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Proc Natl Acad Sci U S A. 2012 Oct 2;109(40):16240-5. doi: 10.1073/pnas.1212955109. Epub 2012 Sep 17.

Features of the Arabidopsis recombination landscape resulting from the combined loss of sequence variation and DNA methylation.

Author information

1
Groningen Bioinformatics Centre, University of Groningen, 9747 AG Groningen, The Netherlands.

Abstract

The rate of meiotic crossing over (CO) varies considerably along chromosomes, leading to marked distortions between physical and genetic distances. The causes underlying this variation are being unraveled, and DNA sequence and chromatin states have emerged as key factors. However, the extent to which the suppression of COs within the repeat-rich pericentromeric regions of plant and mammalian chromosomes results from their high level of DNA polymorphisms and from their heterochromatic state, notably their dense DNA methylation, remains unknown. Here, we test the combined effect of removing sequence polymorphisms and repeat-associated DNA methylation on the meiotic recombination landscape of an Arabidopsis mapping population. To do so, we use genome-wide DNA methylation data from a large panel of isogenic epigenetic recombinant inbred lines (epiRILs) to derive a recombination map based on 126 meiotically stable, differentially methylated regions covering 81.9% of the genome. We demonstrate that the suppression of COs within pericentromeric regions of chromosomes persists in this experimental setting. Moreover, suppression is reinforced within 3-Mb regions flanking pericentromeric boundaries, and this effect appears to be compensated by increased recombination activity in chromosome arms. A direct comparison with 17 classical Arabidopsis crosses shows that these recombination changes place the epiRILs at the boundary of the range of natural variation but are not severe enough to transgress that boundary significantly. This level of robustness is remarkable, considering that this population represents an extreme with key recombination barriers having been forced to a minimum.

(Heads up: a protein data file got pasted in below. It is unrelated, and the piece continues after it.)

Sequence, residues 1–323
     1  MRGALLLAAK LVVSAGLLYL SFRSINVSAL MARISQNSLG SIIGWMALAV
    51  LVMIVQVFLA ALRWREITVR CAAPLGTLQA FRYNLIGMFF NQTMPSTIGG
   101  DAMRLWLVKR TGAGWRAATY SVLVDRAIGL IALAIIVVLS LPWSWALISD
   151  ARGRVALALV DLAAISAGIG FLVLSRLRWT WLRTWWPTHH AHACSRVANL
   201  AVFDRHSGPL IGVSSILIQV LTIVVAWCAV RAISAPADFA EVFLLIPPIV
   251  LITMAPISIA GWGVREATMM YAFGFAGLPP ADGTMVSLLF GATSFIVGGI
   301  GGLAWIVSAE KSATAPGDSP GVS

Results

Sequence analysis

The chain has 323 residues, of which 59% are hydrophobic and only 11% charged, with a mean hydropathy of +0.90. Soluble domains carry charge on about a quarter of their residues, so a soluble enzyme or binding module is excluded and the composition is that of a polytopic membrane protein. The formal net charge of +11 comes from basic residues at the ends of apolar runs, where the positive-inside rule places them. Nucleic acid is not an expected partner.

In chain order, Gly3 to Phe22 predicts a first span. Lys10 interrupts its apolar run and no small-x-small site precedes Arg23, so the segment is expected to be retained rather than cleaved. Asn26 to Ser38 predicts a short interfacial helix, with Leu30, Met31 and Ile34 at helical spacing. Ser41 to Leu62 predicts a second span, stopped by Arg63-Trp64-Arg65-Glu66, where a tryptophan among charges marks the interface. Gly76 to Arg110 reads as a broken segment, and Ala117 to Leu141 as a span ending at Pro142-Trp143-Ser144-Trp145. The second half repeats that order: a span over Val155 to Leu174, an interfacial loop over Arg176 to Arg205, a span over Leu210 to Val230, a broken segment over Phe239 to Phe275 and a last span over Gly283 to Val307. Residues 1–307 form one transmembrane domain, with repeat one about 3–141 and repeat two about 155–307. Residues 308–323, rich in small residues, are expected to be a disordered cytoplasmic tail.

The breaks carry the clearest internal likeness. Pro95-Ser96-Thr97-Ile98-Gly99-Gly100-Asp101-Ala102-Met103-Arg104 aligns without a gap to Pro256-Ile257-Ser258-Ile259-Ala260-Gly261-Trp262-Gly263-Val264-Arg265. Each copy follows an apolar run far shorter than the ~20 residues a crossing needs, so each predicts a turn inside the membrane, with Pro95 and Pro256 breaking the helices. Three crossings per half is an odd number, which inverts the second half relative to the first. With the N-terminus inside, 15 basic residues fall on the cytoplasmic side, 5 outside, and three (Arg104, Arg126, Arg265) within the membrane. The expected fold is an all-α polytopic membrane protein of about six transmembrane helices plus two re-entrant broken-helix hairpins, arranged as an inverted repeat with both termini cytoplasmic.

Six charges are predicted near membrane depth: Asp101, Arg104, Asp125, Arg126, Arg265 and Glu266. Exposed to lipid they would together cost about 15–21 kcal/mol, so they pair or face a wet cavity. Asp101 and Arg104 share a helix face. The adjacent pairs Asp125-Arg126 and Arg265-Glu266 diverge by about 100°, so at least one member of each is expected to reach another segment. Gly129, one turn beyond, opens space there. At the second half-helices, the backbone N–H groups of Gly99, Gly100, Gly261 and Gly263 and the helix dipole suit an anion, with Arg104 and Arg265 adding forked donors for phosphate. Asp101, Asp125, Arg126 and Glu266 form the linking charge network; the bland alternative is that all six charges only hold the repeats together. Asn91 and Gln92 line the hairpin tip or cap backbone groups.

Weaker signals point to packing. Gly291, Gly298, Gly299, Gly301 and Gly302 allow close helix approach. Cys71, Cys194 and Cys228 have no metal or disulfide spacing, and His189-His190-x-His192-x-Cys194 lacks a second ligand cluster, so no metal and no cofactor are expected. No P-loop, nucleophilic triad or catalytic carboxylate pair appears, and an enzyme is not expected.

PMID:
22988127
PMCID:
PMC3479620
DOI:
10.1073/pnas.1212955109
[Indexed for MEDLINE]
Free PMC Article

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